Another things I did with my dad throughout my life is hike. We moved to Colorado when I was 9 (or about to be 9) and we hiked a lot. And I hated it. A lot. I don’t know if I had some kind of asthma as a kid or what but we would hike and I would be out of breath and I hated it. Apparently I had hated in for a long time. My mom always tells me that my parents figured out when I was little that if my dad gave me his watch and told me that we would turn around at a certain time then I would be fine. I always hated the unknown and wanted to know when I could be done. At least they had me figured out. At some point in college I went out for a hike and I enjoyed it. I remember thinking “wow, my parents would be so happy that I finally like this” and I really do love it. I love being outside. Donny and Tabitha had come to visit me in Oregon and took them on a hike to see a bunch of waterfalls. It was apparently a 5 miles hike, but it didn’t seem that long to me. They were dying and I think they might have wanted to kill me when I suggested we could have taken the longer 8 mile route. I took my dad on the same hike a few months later and when we were nearing the end he said “If I would have known that was it I would have said we could do the longer route.” It made me laugh. It’s just like my dad to tell you “oh, this is gonna be easy, it’s really quick”. Then 15 miles and many hours later when everyone wants to just sit down and pass out he would be yelling at you to pick up the pace because it’s easy. I took my sister out on a 7.5 mile hike to a waterfall in Bend, OR a couple of weeks ago. I figured it would take and hour or so and told her it wouldn’t be bad at all. We got back and she pointed out it was taken 3 hours and that she still in fact didn’t like hiking. That was when I realized I had become my father, taking people on hikes that I said would be easy and then dragging them around for several hours. Unfortunately I didn’t get to tell my dad that story, I know he would have appreciated how I tortured my sister with a beautiful hike.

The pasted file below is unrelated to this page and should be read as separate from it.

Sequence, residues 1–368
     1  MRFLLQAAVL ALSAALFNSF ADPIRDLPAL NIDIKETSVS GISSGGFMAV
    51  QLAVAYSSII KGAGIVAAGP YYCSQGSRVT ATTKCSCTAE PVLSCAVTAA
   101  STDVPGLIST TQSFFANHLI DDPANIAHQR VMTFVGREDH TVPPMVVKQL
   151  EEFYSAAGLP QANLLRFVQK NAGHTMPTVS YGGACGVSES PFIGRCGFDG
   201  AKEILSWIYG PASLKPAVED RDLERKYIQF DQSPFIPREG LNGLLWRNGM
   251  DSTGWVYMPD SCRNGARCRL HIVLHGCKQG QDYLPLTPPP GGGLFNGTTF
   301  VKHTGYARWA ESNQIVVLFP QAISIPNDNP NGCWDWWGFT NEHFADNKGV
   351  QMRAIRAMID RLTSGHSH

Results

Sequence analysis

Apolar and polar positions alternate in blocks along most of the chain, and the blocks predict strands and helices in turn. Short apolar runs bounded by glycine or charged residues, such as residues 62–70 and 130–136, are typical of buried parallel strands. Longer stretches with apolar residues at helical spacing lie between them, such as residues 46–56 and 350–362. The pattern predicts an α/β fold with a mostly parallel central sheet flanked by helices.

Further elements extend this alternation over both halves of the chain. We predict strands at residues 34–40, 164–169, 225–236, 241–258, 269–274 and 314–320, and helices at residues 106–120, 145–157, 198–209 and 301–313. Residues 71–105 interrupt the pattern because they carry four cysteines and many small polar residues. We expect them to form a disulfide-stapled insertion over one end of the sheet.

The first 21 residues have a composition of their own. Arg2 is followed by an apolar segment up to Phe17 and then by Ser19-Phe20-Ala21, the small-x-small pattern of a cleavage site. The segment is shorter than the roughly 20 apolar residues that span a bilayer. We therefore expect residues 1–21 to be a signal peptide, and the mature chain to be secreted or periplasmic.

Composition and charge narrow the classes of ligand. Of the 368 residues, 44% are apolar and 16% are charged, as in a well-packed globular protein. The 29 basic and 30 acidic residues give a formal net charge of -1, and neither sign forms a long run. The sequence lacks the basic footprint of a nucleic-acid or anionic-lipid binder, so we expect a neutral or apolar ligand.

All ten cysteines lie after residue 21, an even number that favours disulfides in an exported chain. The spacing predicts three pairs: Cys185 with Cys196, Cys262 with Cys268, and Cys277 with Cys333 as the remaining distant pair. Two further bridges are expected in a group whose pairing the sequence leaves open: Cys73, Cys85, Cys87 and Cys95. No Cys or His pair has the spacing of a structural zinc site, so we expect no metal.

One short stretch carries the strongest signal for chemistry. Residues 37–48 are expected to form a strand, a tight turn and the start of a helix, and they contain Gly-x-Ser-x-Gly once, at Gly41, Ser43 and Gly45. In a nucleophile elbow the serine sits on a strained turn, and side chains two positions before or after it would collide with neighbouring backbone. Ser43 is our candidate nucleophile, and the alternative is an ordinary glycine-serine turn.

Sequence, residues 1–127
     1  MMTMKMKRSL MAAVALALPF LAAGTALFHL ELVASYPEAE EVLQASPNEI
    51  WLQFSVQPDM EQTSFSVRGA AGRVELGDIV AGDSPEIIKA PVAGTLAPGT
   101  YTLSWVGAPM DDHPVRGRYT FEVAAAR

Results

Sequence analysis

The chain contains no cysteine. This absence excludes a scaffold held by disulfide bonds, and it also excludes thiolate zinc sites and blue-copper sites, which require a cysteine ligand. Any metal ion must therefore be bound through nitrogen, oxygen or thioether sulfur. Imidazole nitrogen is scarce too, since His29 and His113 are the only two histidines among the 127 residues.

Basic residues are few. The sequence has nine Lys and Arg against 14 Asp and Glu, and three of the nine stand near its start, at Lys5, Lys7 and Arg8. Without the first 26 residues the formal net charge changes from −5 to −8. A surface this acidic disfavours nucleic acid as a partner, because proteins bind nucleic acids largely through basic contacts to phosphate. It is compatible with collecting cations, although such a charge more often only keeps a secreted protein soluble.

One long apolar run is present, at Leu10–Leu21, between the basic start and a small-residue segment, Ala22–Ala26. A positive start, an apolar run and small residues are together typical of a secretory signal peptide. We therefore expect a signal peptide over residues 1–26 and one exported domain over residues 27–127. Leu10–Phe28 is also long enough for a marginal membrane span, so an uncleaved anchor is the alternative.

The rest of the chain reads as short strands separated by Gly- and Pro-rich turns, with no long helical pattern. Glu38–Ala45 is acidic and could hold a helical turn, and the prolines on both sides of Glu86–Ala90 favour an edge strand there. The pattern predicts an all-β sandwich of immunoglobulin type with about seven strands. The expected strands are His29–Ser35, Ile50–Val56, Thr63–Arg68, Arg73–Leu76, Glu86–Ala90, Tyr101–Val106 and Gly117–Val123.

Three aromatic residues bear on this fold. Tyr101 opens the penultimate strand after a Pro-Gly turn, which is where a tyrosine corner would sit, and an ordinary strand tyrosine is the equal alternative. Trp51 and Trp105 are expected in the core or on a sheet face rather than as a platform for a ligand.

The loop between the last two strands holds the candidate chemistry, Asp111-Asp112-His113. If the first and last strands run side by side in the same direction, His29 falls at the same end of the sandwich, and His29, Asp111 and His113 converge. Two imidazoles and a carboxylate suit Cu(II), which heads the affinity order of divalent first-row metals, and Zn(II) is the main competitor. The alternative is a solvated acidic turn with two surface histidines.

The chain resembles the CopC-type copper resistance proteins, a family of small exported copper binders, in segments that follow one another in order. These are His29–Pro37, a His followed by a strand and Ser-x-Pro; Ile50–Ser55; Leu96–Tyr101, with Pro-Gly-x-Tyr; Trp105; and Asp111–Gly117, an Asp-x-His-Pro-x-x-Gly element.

My dad was even the one that taught me how to snowboard. I always think of snowboarding as something I do with my brother, but it was my dad that I went with the first time. I was not even 10 yet and my brother was away for Winter fest with the youth group. I was too young to go and my mom was at home with Anna who had just been born. We went to Denver and then took a train to Winter Park. I don’t remember much else about that trip besides the first ride up the lift and going down with my dad. I also remember on the train ride back they had said you could sit in any seat. We found seats and my dad had left to get food or something. While he was gone a couple came and said I was in their seats. I said how the conductor said we could sit anywhere, but they said they had left things there from the first ride and they wanted to keep their seats. I was 9 and wasn’t about to argue so I got up and waited for my dad in one of the in between cars. We found new seats and my dad left again. This could be totally not true, but I’ve always wondered if he went back to tell those people off. It wouldn’t surprise me.